A review of the biosecurity import requirements for fresh breadfruit (Artocarpus altilis) from Fiji, Samoa and Tonga
We are conducting a risk analysis for fresh breadfruit (Artocarpus altilis) from Fiji, Samoa and Tonga.
We will conduct the risk analysis in three key steps:
- Announce the commencement of the risk analysis on 15 August 2017, via
Biosecurity Advice 2017-15 and the
Announcement Information Paper.
- Conduct a review of scientific knowledge of pests and diseases of concern and release the draft report on 4 October 2018, via
Biosecurity Advice 2018-25 for a 60 day public consultation period.
- Release the final report in mid-2019, following consideration of stakeholder comments.
A summary of the risk analysis background and process is available in the
Purpose of the risk analysis
We initiated this risk analysis in response to a market access request from Fiji and Samoa to export fresh breadfruit to Australia. The risk analysis has been expanded to cover Tonga, which is also interested in exporting fresh breadfruit to Australia.
As a World Trade Organization member, Australia is required to assess market access proposals and develop the least trade restrictive import conditions that are scientifically justified. Our trading partners use the same scientific principles when assessing Australian goods for importation.
Draft report - Summary
The draft report proposes that the importation of commercially produced fresh breadfruit to Australia from Fiji, Samoa and Tonga be permitted, subject to specific biosecurity requirements.
The draft report identifies seven quarantine pests associated with breadfruit from Fiji, Samoa and Tonga that require risk management measures.
- Fruit fly (Bactrocera facialis)
- Fijian fruit fly (Bactrocera passiflorae)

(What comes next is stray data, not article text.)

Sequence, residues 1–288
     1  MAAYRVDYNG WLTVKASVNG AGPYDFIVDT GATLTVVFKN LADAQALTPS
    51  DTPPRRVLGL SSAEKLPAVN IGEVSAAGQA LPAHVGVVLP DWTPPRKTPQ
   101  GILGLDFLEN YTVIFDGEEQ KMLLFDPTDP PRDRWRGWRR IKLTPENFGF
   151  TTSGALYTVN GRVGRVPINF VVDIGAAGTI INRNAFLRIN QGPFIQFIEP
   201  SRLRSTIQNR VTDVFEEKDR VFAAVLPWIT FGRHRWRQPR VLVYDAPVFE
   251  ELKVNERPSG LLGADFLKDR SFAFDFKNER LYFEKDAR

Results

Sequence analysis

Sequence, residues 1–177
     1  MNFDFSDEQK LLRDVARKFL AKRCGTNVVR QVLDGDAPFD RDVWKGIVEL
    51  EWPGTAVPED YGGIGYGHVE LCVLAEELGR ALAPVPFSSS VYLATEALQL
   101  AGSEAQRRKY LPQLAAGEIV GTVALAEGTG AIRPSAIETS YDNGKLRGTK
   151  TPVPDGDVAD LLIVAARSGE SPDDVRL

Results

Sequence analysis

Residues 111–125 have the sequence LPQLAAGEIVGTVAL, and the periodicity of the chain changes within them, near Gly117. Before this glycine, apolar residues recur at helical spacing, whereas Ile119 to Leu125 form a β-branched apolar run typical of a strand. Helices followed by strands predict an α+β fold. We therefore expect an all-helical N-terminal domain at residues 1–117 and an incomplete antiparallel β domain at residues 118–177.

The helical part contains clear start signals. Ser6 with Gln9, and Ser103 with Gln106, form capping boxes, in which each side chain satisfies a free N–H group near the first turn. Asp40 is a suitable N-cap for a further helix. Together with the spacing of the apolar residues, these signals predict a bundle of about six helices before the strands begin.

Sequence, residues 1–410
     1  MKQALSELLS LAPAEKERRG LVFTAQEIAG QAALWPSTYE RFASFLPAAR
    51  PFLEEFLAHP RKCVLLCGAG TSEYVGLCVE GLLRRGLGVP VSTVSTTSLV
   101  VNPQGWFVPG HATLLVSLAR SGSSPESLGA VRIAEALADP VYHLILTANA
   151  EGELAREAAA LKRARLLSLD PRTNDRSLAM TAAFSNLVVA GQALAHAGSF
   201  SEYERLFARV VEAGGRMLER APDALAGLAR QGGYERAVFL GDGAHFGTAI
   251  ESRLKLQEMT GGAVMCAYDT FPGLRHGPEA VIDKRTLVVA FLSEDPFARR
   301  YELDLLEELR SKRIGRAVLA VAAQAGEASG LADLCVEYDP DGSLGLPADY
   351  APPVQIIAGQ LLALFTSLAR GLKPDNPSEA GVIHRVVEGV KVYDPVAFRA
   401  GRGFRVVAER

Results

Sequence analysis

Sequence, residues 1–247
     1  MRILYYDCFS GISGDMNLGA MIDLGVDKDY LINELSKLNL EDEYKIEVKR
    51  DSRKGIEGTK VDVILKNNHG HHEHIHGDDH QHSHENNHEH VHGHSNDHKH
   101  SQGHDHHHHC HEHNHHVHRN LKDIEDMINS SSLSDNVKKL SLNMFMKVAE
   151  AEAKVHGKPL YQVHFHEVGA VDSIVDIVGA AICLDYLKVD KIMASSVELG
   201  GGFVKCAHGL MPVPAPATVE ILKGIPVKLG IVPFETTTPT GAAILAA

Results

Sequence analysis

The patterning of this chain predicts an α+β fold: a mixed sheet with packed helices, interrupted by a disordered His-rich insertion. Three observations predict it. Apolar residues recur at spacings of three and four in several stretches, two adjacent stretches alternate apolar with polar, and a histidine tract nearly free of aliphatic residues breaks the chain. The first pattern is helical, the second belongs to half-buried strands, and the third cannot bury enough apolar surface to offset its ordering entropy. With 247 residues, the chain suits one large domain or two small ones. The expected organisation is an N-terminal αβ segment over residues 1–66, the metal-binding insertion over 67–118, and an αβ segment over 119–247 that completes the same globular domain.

- Pacific fruit fly (Bactrocera xanthodes)
- Grey pineapple mealybugs (Dysmicoccus neobrevipes)
- Mealybug (Dysmicoccus nesophilus)
- Pacific mealybug (Planococcus minor)
- Cryptic mealybug (Pseudococcus cryptus).
Two of these pests (Pacific mealybug and cryptic mealybug) were assessed as regional quarantine pests for Western Australia because interstate quarantine regulations and enforcement are in place for these species. The proposed risk management measures take into account the regional differences within Australia.
The draft report proposes risk management measures, combined with operational systems, to manage biosecurity risks to achieve Australia’s appropriate level of protection. These measures are:
- fruit treatment (such as high temperature forced air or irradiation) for fruit flies
- consignment freedom verified by pre-export visual inspection and, if detected, remedial action for mealybugs
Download the draft report
If you have difficulty accessing these files, visit
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Stakeholders were invited to submit written comments on the draft report during the 60 calendar day consultation period. The public consultation period closed on 3 December 2018.
Comments received will be considered in preparing the final report.
Register as a stakeholder
The Biosecurity Plant Division uses the stakeholder register for distributing biosecurity risk analysis policy information. Stakeholders interested in receiving information and updates on biosecurity risk analyses are invited to subscribe via the department’s online
subscription service. By subscribing to
Biosecurity Risk Analysis Plant, you will receive Biosecurity Advices and other notifications relating to plant biosecurity policy.
Protecting Australia from exotic pests
Australia is free from many of the world’s most damaging plant pests, which are capable of damaging our natural environment, destroying our food production and agriculture industries, and changing our way of life. Australia’s biosecurity system, which includes the risk assessment process, helps protect us from exotic plant pests.
We undertake risk assessments of pests and identify risk management options to address any risks posed by these exotic pests. These measures reflect Australia’s overall approach to the management of biosecurity risk.